There’s but 10 days left in 2015, and my calendar looks fairly packed for many of them with family visits, cultural events, work and other commitments, so the shortest day of the year seems an apt time to review the year gone by, as I experienced and documented it online.
Counting this one, I have published 77 blog posts in 2015. In October, I marked the one-year anniversary of my decision to shut down Indie Moines and re-establish this domain as my primary home for new and archival writing after eight years of hosting my material elsewhere. I also added the 1,000th post to the site in October, with 20 years worth of material dating back to October 1995 now resident here. Traffic has been healthy and growing throughout the year, so I’m grateful to those who have followed along with my various adventures in writing.
I actually opened 2015 deep in the middle of one such adventure, managing the satirical Des Mean website (now dormant, former motto: “Is This Hell? No, It’s Iowa.”) under a pseudonym. It was a fun opportunity for the sorts of character-based, site-specific writing that I used to do at Upstate Wasted and Upstate Ether, among other places, all those years ago. I moved most of the Des Mean pieces to this site last summer. Of the pieces written in 2015 (Des Mean launched in 2014), I am particularly pleased with Rashomoines, Why Iowa First?, the “Iowa Art Crisis” series (Part One — Part Two — Part Three), Danny Allamakee’s Iowanferno and Universal Iowa Recipe. Fun to write, hopefully fun to read.
Despite busy work and personal schedules, I did find time to travel in 2015. In late January/early February, Marcia and I spent two week in Fort Lauderdale, giving me the chance to get my nerd on during a road trip up to Kennedy Space Center. Then in May, we went to Spain and Portugal on a wonderful small group tour, where we framed a fun new travel game. I’ve also visited Texas, Florida, Pennsylvania, Wisconsin and Iowa for work purposes, and made two volunteer trips to Great Barrington, Massachusetts, where I was elected Chairman of the Board of the American Institute for Economic Research, and then to Troy, New York, where I was keynote speaker at the Chapel + Cultural Center’s Committee of 100 Dinner. I also spent a few days with my mother, visiting the homeland in Low Country South Carolina. There were cemeteries.
Our biggest step, from a travel and lifestyle standpoint, was a permanent one, leaving Des Moines this past summer to live in downtown Chicago. The move has been a wonderful one, filled with all sorts of fascinating diversions. There are, of course, still some mysteries. After arriving and settling in Chicago, I began a new job in August. There are some things I miss (Katelin first and foremost, since she still lives there), and some things I don’t miss about Des Moines and its environs. After four years in state, though, I left with one deeply held conviction that trumps all others: the Iowa Caucus is bad for America.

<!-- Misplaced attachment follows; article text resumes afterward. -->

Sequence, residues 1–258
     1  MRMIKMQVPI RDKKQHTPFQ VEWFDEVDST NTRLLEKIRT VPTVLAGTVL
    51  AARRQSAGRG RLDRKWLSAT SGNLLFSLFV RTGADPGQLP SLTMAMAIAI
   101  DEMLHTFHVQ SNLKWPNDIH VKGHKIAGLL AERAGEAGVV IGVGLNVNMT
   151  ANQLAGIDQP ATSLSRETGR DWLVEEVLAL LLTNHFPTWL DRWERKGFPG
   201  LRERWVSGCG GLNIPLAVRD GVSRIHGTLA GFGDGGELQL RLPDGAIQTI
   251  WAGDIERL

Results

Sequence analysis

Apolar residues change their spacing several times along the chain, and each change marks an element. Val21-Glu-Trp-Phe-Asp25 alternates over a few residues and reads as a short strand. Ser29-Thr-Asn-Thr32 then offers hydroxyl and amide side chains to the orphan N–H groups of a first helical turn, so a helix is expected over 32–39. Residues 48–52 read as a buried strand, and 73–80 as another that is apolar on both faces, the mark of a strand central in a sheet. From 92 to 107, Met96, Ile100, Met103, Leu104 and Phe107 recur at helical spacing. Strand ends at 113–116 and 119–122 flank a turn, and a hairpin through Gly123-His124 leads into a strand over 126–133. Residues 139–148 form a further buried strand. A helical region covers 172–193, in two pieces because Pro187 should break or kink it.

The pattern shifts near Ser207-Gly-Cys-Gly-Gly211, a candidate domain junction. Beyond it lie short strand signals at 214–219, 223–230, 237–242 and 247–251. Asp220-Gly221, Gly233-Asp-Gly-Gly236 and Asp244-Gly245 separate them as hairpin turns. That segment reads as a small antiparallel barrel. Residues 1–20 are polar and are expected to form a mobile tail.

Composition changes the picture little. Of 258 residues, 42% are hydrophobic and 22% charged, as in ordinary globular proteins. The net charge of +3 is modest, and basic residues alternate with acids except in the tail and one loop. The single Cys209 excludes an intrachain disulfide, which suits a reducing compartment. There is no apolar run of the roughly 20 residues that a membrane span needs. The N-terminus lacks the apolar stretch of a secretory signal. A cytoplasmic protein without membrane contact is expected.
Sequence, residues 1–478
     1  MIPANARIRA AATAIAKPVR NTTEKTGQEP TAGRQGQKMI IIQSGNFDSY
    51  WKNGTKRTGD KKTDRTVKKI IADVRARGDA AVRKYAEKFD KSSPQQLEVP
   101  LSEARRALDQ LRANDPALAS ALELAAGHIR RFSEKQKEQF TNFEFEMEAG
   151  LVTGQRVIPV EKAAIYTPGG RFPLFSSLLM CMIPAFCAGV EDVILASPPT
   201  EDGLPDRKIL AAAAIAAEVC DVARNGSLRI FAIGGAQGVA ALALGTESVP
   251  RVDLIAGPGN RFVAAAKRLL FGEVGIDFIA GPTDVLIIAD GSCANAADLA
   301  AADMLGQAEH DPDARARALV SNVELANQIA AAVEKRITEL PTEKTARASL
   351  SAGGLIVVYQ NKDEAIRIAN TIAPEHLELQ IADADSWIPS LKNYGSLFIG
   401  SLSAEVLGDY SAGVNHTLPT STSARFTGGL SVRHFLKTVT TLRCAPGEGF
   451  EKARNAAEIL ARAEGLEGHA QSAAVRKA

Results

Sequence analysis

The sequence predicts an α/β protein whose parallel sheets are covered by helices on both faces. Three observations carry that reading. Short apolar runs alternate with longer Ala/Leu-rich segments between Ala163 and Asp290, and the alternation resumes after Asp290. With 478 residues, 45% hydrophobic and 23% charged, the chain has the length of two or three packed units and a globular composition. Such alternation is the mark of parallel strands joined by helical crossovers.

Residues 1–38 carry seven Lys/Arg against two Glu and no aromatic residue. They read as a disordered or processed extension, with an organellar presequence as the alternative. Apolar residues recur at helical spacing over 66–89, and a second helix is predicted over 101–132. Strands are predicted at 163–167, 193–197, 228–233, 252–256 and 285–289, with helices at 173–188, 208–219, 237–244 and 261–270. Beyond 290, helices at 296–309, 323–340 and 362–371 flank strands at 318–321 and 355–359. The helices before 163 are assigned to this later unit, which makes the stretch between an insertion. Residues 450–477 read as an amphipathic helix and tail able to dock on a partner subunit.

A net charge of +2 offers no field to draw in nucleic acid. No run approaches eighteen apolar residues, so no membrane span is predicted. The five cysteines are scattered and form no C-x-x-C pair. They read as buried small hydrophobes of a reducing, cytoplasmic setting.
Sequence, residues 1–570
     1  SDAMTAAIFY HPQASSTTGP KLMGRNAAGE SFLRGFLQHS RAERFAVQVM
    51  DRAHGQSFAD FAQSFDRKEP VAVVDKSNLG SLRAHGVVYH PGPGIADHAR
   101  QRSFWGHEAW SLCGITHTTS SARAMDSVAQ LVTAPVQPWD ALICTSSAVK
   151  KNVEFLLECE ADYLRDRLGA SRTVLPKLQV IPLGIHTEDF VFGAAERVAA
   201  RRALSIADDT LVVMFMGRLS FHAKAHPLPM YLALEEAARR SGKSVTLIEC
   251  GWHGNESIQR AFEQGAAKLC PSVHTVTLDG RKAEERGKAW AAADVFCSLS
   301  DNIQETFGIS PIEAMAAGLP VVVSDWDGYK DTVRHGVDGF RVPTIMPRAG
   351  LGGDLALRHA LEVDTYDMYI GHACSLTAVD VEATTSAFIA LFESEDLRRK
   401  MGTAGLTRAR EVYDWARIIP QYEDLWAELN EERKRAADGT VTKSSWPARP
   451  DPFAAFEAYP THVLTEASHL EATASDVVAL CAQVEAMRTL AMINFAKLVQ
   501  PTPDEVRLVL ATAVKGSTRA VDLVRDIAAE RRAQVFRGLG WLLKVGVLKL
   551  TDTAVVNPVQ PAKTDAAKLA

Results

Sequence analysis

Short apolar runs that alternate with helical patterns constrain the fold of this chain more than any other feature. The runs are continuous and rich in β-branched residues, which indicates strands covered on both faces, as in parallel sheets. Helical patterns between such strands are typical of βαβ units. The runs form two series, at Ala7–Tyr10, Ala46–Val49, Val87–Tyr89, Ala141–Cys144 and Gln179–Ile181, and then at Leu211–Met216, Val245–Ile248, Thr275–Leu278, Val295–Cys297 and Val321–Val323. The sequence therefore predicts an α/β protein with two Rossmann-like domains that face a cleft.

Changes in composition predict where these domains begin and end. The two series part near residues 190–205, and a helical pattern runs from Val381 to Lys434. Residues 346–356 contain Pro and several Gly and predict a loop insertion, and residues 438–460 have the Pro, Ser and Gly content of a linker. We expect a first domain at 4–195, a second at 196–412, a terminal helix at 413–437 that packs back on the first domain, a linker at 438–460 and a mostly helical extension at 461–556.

I read a lot this year, and documented some of my 2015 favorite books. I also added a couple of new installments to my Five By Five Books Series, writing about Evangeline Walton’s The Mabinogion Tetralogy and Peter Currell Brown’s Smallcreep’s Day. I launched a new creative writing series called 90 Minute Stories, and plan write one piece per month this way in 2016. On a music front, I updated by Top 200 Albums of All Time listing and named David Gilmour’s Rattle That Lock Album of the Year for 2015, after running one of my music tournaments to reach that decision. A tune from the soundtrack of the wonderful movie, Frank, won the Family’s “Most Played Song” Title of 2015.
Other miscellaneous ups and downs include finally re-experiencing the pinnacle of American baseball fandom when my Beloved Royals won the World Series in October, watching a former writing employer go belly up in a most public fashion, and losing both a dear, sweet member of our family, and a long-time creative friend and foil.
Those sad notes notwithstanding, it was a very good year for me and the family, and I appreciate the opportunity to journal it here, for both posterity’s and my own sake. Thanks to all who read here for being a part of it, each in your own ways.